A mining company owned by Australian business Clive Palmer has reportedly suspended its appeal against a landmark ruling that its massive thermal coalmine development would exacerbate the climate crisis and violate the human rights of coming generations.
Waratah Coal's lawyers informed Queensland's Supreme Court that they were withdrawing their appeal against the government's land court verdict in a suit filed by First Nations young women as well as environmentalists.
The company’s new project dubbed Galilee Coal project, located in the Galilee Basin, aims to mine 4 million tons of coal per year, making it Australia's largest thermal coal mine.
Fleur Kingham, President of the Queensland Land Court, stated in November that the carbon emissions from coal burning would restrict the human and cultural rights of First Nations individuals and young Queenslanders through its impacts on global warming.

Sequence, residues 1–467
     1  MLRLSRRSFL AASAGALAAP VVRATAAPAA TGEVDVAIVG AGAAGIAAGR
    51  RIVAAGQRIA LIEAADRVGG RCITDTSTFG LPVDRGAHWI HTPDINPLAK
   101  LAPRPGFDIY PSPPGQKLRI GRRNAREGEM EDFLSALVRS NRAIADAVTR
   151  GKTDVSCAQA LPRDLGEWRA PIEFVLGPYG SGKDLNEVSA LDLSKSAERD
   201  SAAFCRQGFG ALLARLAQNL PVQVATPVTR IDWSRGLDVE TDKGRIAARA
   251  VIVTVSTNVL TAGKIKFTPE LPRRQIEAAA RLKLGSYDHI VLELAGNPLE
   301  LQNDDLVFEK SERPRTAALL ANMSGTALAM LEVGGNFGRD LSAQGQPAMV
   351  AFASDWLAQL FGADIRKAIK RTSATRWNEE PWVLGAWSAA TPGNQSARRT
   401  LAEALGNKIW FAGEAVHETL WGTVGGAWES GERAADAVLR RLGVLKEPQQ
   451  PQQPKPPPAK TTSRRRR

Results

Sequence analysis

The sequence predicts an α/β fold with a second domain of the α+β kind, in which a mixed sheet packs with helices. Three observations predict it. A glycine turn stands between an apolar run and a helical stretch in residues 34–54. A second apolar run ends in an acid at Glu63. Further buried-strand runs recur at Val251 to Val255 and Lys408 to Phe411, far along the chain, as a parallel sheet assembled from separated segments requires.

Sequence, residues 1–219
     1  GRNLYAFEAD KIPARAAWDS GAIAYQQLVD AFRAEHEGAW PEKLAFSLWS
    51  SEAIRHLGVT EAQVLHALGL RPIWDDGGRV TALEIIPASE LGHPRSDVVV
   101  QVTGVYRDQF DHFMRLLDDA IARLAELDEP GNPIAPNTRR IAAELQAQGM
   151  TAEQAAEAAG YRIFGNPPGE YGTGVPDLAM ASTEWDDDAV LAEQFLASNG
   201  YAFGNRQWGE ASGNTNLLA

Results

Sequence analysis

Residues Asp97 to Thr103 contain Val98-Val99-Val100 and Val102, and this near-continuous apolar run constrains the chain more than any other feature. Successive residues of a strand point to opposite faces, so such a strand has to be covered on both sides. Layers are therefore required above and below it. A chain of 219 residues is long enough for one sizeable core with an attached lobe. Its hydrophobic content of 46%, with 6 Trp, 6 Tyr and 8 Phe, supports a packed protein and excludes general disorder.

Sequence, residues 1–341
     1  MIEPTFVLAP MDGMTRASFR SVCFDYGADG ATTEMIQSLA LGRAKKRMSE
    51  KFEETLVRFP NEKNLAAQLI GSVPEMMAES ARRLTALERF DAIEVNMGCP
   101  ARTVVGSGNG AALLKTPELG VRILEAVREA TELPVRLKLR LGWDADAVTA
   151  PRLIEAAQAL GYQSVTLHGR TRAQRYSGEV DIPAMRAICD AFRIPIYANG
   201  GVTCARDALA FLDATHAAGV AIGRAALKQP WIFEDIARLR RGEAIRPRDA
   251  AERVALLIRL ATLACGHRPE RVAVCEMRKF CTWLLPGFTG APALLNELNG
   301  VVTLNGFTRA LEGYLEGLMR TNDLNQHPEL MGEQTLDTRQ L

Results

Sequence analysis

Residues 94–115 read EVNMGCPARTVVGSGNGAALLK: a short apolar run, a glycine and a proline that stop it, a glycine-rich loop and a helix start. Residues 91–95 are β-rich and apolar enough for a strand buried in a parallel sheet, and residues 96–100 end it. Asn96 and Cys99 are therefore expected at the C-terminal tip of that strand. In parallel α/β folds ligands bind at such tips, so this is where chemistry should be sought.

Attorneys for Waratah Coal appealed the ruling to the state supreme court in December, but they abandoned their case last week.
Speculations have it that the government must now decide whether to accept or reject a mining lease and an ecological authority for the mine in light of the land court's ruling.
As per credible reports, the huge coal endowment of the Galilee basin has been the target of a variety of initiatives over the past ten years, including the export-focused Galilee Coal plan. Indian tycoon Gautam Adani’s Carmichael mine is the only one that has gone ahead so far.
Meanwhile, Murrawah Johnson, Co-Director of Youth Verdict, stated that the case which brought the lawsuit on behalf of young Native Americans, enables more Aboriginal and Torres Strait Islander communities to oppose climate-destroying fossil energy projects scheduled throughout Queensland for the protection of First Nations cultures and the nation's future.
Sharyn Munro, Bimblebox Alliance, claimed that the court's refusal has deposed king coal, eliminating its previously unjustified rights over everything else.